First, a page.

When Al Horford tumbled to the court, his hopes of playing again this season all but snuffed out, everyone figured he'd take the Atlanta Hawks down with him.
Well, look who's in first place.
The Hawks have won four straight since their All-Star center tore his left pectoral muscle, an injury that required surgery and will keep him out for most if not the entire rest of the season.
A talented but enigmatic team known for buckling under pressure, Atlanta has shown surprising grit and resolve in the wake of Horford's devastating injury.
"Everyone really sucked it up to do a little more to fill that void," forward Marvin Williams said. "You can't really replace a guy like that. The whole team has to chip in a little bit to do the things he does."
Granted, all four wins since Horford's injury have come at home, and three were against teams with losing records. Still, the Hawks have impressed even themselves by managing to hang together, led by Joe Johnson and Josh Smith but getting contributions from nearly everyone on the roster.
"I didn't know how we were going to fare without him because he does so much for this ballclub," Smith said. "I think we were able to answer the bell."
Smith, in particular, has taken his game to a new level — or at least the level everyone long expected from this immensely talented player. Still only 26, he's been in the league for seven maddeningly up-and-down seasons, always appearing on the verge of a breakthrough but never quite establishing himself as one of the league's elite offensive weapons.
When he takes the ball to the basket, he can be unstoppable. Too many times, he's been content to sit outside and pump up jumpers.
Not anymore. Since Horford went down, Smith is averaging 21.8 points and 11.8 rebounds per game, stirring talk that he deserves his first trip to the All-Star Game.
"Josh has learned not to just settle. In the past he would settle for a particular part of his game," coach Larry Drew said. "And he's playing under control. When he plays under control and makes the simple play, it makes him that much more effective. He's a really good passer for a big man, and he is really starting to understand the part of staying aggressive and in attack mode, but yet not force it."
Johnson is a five-time All-Star, but he was coming off a tough shooting year and got off to a sluggish start this season. That all changed when the Hawks lost Horford. Since then, Johnson is averaging just under 25 points a game.
"Everybody really made a conscious effort to step their play up, whether it was the bench or the starters," Johnson said. "There's an understanding that without Al, we're missing a big piece of what we do here. Everybody has really focused in a lot more and really stepped their game up."
Indeed, the Hawks' revamped bench has made Horford's injury a lot easier to absorb. Even though cost-conscious Atlanta failed to re-sign Jamal Crawford, the NBA's Sixth Man winner in 2010, some bargain acquisitions by general manager Rick Sund have paid big dividends.
Tracy McGrady, thought to be all washed up, has shown flashes of the skills that once made him such a feared player. Willie Green is giving the Hawks quality minutes. So is Jannero Pargo, running the second unit. And then there's Ivan Johnson, who's been the biggest surprise of all.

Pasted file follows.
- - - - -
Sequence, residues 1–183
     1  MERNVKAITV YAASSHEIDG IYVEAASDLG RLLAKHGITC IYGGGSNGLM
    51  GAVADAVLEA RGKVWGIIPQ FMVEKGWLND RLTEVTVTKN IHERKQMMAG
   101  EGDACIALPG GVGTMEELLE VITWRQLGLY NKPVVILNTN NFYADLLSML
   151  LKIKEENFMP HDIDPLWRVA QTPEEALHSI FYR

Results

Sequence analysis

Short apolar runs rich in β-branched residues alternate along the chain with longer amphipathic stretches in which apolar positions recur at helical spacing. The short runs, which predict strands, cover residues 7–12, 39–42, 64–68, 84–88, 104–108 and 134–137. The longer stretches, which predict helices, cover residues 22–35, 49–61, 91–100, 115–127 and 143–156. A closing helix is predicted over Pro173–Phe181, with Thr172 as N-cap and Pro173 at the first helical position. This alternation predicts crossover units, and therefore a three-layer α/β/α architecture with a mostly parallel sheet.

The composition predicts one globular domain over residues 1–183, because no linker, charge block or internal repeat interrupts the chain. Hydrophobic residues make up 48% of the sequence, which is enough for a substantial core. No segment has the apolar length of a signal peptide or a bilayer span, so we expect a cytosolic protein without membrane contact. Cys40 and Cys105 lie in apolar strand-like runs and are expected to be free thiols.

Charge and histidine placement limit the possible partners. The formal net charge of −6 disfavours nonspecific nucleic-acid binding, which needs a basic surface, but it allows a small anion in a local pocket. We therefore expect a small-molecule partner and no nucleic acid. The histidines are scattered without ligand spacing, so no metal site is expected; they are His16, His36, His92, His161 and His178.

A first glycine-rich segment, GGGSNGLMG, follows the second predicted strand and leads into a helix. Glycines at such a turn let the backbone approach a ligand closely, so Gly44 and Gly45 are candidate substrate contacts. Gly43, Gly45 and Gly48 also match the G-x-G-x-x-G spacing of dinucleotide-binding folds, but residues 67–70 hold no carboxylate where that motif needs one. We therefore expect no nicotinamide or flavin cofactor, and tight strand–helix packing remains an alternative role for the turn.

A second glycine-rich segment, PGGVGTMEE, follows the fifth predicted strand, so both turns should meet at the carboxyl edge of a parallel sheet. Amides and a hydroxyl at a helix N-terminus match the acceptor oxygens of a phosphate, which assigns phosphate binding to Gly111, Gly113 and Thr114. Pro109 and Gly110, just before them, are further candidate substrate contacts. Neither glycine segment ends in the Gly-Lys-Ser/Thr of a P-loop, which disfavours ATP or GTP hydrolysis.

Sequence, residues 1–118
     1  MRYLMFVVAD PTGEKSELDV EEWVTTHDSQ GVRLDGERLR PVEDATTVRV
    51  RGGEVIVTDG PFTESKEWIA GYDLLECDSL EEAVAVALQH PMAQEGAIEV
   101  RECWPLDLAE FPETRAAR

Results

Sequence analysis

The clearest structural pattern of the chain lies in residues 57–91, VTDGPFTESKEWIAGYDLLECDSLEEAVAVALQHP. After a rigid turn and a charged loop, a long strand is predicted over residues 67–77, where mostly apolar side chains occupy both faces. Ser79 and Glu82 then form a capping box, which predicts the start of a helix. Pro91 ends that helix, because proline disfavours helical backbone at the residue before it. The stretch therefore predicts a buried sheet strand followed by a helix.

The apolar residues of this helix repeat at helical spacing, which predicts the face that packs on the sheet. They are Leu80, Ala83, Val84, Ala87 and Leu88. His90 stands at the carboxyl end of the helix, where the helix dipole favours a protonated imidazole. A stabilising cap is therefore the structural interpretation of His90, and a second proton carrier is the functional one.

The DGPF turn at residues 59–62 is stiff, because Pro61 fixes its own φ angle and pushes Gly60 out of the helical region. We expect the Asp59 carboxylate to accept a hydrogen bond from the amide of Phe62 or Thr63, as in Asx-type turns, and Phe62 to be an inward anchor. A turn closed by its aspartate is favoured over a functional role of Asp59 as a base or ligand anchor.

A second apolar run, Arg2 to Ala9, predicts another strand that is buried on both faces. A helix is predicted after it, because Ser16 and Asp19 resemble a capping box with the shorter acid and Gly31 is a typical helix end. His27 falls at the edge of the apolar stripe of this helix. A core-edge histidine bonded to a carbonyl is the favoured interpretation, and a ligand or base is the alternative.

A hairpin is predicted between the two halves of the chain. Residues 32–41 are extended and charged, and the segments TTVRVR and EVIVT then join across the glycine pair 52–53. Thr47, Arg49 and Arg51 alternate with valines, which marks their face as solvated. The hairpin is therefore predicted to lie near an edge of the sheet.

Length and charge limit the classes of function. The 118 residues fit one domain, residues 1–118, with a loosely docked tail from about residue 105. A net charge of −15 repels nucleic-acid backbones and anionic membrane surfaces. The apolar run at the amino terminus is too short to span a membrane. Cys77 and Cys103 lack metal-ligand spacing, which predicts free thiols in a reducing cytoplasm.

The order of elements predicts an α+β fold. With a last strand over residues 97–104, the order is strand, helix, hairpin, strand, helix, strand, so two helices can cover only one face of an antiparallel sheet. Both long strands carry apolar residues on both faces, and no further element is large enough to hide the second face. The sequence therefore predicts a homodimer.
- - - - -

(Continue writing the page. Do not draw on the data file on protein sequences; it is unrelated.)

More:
A 27-year-old rookie who's had issues with his temper, he was banned from the Korean league for frequent misconduct, culminating with an obscene gesture toward an official, and he was benched in the D-League for getting too many technicals.
He seems to understand this might be his last chance, playing with the sort of controlled desperation that had always eluded him. Clearly, he's got potential, which is why he was on the court in the final minute of Wednesday's 92-89 victory over Portland.
"The bench has been huge all year," Williams said. "We've started slow a couple of times, but they've come in and really turned it up for us."
Now, to get the fans of Atlanta on board.
As usual, the Hawks rank near the bottom of the league in attendance. Even with football season over in these parts and spring training a month away, the Hawks are still struggling to get noticed. They averaged only 12,128 during their perfect homestand and the upper decks behind each basket were largely empty for the win over the Trail Blazers.
Of course, the skepticism by the fans is easy to understand.
The owners, known as Atlanta Spirit, already sold off the city's NHL team and they had a deal to peddle the Hawks to California businessman Alex Meruelo — but the deal fell through over financing issues.
Now, the owners say the team is off the market and they're fully committed to building a championship contender. But it's hard to take them at their word when two large auxiliary scoreboards at each end of Philips Arena have been dark all season, apparently broken. There appears to be no sense of urgency to get them back on line.
The players aren't worried about empty seats or blank scoreboards.
Compared to Horford's injury, those are minor concerns.
The Hawks play six of their next seven games on the road — beginning Friday at Philadelphia. The stretch should provide a better idea of whether this team can keep winning without one of its best players and emotional leader.
Smith wasn't so sure if they could a week ago. Now, he's more confident.
"If," he said, "we keep doing the right things — keep sharing the basketball, keep helping out on the defensive end, keep communicating — I think we'll win our fair share of games."
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